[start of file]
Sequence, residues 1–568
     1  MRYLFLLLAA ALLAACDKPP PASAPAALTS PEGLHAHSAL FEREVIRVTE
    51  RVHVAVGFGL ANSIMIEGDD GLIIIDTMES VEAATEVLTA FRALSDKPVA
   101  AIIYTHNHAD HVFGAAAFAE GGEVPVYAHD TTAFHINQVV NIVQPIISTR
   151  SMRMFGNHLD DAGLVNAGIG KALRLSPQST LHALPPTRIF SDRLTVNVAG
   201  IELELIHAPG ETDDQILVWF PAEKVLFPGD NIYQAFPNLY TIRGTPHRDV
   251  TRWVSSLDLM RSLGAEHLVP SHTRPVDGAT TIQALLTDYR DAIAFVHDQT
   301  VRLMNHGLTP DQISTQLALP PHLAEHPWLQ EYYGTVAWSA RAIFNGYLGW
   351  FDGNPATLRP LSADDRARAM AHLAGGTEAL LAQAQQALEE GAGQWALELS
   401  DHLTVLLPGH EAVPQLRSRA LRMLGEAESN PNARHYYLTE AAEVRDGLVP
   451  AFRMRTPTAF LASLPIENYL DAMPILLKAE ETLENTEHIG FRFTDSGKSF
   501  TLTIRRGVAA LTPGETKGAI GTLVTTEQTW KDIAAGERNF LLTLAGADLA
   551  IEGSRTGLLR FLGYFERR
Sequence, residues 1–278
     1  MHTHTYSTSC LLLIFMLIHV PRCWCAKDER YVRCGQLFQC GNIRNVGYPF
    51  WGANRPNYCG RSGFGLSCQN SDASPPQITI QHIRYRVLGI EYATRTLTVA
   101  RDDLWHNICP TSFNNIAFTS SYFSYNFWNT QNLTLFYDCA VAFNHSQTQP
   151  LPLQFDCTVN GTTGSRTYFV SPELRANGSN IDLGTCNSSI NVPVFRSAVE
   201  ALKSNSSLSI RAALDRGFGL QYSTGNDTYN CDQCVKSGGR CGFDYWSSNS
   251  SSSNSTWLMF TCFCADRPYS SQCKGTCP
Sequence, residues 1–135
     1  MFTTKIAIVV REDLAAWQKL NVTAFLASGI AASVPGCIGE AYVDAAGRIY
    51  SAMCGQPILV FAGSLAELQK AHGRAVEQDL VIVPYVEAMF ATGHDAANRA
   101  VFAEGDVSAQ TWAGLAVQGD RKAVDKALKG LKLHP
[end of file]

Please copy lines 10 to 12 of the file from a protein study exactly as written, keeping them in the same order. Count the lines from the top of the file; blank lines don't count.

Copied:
   401  DHLTVLLPGH EAVPQLRSRA LRMLGEAESN PNARHYYLTE AAEVRDGLVP
   451  AFRMRTPTAF LASLPIENYL DAMPILLKAE ETLENTEHIG FRFTDSGKSF
   501  TLTIRRGVAA LTPGETKGAI GTLVTTEQTW KDIAAGERNF LLTLAGADLA